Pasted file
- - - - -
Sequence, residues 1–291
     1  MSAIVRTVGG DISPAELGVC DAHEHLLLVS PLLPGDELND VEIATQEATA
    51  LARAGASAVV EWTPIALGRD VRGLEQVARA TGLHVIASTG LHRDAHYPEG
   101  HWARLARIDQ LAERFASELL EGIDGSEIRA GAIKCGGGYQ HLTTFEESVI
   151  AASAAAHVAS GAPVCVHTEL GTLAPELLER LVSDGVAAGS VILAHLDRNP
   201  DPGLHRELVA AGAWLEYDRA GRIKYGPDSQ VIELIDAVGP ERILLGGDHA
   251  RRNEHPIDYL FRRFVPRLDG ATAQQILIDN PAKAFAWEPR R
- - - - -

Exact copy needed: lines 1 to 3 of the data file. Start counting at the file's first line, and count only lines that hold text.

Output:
Sequence, residues 1–291
     1  MSAIVRTVGG DISPAELGVC DAHEHLLLVS PLLPGDELND VEIATQEATA
    51  LARAGASAVV EWTPIALGRD VRGLEQVARA TGLHVIASTG LHRDAHYPEG